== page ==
Pop Culture Gadabout
Thursday, March 12, 2009
      ( 3/12/2009 05:50:00 PM ) Bill S.  

"A GREAT CRIME AGAINST SOME UNKNOWN GOD" Unlike the recently revamped Graphic Classics devoted to the works of Ambrose Bierce, Tom Pomplun's newest anthology of modern "Classics Illustrated" comics skips the short stuff in favor of four longish adaptations. Featuring graphic versions of Wilde's only novel The Picture of Dorian Gray, "The Canterville Ghost," "Lord Arthur Savile's Crime" and the play Salome, the sixteenth volume in this series does a bang-up job capturing the Victorian author's distinct voice. In this, it is perhaps one of the most successful entries in Graphic Classics series to date.

The book opens with its cover story, Alex Burrows and Lisa K. Weber's version of Dorian Gray. The densest of the four works adapted, it's a tale that's already sparked more than comic book adaptation (including one produced by Marvel Comics). Burrows and Weber's take doesn't stint on the original work's upper class-based decadence -- the artist captures the title character's sleepy-eyed beauty convincingly, while Burrow's script has just enough loaded innuendo to make the book's gay subtext sufficiently clear-cut. (Wilde himself famously tamped down the homoerotic aspects of his story between first and second editions of its publication.) If the comic version doesn't fully convey the original's moody gothic elements, it smartly nails Wilde's trenchant critiques of the aesthete's elevation of artistry over humanity.

Even more successful are the adaptations of "Ghost" and "Crime." The former, done by Antonello Caputo and Nick Miller is the most overly funnybookish -- artist Miller even draws two twin boys to resemble the Katzenjammer Kids -- while the latter utilizes heavy-handed brush strokes (courtesy of Stan Shaw) to emphasize the source's darker comedy. "Ghost," which describes the clash between an old-fashioned British haunt and a very "republican" American family, seems particularly current, though the unpunished antihero Lord Savile demonstrates just how ahead of his time Wilde could be.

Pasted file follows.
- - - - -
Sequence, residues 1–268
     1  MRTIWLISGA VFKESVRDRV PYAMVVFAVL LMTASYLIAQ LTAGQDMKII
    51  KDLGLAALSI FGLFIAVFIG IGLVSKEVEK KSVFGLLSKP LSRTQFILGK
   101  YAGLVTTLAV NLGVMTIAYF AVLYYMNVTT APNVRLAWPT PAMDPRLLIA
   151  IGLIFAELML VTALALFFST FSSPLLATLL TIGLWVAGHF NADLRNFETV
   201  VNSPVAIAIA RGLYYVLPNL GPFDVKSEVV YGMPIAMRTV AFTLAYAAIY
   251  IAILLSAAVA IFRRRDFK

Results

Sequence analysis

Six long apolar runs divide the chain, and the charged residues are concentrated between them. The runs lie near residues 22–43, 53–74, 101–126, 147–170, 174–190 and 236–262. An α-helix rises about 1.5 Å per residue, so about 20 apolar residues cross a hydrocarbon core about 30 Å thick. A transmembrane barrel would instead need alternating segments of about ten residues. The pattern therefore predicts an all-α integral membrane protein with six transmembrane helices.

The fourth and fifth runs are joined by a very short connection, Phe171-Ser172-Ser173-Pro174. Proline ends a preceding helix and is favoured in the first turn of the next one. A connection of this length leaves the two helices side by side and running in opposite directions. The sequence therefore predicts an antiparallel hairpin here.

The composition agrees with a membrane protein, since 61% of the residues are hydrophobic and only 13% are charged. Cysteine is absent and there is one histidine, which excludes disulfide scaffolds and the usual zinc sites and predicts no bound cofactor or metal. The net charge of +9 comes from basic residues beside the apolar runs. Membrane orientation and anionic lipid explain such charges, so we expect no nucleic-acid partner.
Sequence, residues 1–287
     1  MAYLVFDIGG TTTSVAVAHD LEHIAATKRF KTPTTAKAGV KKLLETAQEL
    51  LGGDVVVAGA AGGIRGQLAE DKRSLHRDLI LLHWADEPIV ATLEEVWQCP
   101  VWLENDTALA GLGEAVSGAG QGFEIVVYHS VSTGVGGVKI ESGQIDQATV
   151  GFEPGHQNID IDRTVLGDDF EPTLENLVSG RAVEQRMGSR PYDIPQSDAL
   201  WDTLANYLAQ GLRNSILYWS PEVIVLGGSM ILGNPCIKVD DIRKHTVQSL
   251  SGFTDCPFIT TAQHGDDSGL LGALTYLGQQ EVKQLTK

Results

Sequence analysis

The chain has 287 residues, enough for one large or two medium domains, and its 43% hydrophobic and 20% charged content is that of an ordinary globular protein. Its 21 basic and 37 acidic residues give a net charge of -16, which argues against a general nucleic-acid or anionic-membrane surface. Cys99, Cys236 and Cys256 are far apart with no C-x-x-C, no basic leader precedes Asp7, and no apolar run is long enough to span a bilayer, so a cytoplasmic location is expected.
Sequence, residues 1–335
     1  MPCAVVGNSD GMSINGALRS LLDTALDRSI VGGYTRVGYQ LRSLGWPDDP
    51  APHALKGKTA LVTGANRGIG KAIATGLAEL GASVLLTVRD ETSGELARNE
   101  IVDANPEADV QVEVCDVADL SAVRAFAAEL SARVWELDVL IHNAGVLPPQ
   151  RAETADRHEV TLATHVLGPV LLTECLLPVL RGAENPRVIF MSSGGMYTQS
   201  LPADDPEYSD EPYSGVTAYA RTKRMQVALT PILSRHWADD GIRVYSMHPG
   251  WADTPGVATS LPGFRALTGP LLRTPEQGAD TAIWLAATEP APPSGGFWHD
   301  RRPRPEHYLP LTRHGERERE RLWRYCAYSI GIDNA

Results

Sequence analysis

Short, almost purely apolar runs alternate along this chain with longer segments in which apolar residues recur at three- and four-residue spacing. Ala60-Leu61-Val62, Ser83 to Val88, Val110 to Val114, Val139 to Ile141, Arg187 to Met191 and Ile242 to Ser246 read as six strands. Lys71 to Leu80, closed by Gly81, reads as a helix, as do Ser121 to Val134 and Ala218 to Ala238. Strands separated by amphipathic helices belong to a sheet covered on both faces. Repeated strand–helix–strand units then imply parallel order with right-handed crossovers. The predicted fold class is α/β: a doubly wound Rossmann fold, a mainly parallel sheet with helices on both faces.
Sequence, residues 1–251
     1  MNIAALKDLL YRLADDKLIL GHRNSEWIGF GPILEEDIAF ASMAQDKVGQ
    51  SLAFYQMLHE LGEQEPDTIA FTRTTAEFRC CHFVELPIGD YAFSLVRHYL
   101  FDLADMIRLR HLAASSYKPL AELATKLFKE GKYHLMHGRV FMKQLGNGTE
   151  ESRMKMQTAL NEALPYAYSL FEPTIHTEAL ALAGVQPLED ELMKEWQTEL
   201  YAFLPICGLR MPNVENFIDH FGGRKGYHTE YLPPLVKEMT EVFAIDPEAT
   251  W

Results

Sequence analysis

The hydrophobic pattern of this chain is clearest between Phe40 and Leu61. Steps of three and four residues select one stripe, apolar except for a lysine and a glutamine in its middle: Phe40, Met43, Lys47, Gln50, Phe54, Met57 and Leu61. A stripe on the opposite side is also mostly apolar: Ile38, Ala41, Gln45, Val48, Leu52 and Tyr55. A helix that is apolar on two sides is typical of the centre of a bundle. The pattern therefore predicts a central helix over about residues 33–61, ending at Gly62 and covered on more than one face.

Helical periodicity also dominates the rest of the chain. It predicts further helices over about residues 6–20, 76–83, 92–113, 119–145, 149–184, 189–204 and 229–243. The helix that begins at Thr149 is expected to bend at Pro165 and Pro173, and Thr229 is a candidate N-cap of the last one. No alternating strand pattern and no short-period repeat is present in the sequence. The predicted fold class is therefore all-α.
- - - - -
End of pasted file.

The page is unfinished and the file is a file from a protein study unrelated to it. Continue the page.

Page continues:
The book concludes with editor Pomplun and Molly Kiely's adaptation of the Biblical tragedy "Salome." Pomplun relies heavily on the play's original dialog, but in this case the decision has mixed results as Wilde's attempt at dramatizing the events leading up to the beheading of John the Baptist has more than its share of wooden lines. Kiely's graphics recall Beardsley (who famously illustrated the play on its English publication) in her use of blacks and whites, though they're by no means as explicit as the Beardsley's original art nouveau illos. The final pages, where the villainous Salome holds and kisses the severed head of the martyr, are agreeably horrific, if not as memorable as Beardsley's famous illustration of the dancer holding John's head on a blood-drenched table. I can't help wondering whether Wilde the Aesthete would've sniffed that the artist's panel-to-panel depiction of character was a trace too loose, though.

Still, the adaptation remains true to Wilde's tone and outlook as do the other three pieces in this solid collection. Next announced title in the series is a genre-based collection of Science-Fiction Classics set for June release. Just the thing to read between volumes of the new League of Extraordinary Gentlemen series.


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Pop cultural criticism - plus the occasional egocentric socio/political commentary by Bill Sherman (popculturegadabout AT yahoo.com).

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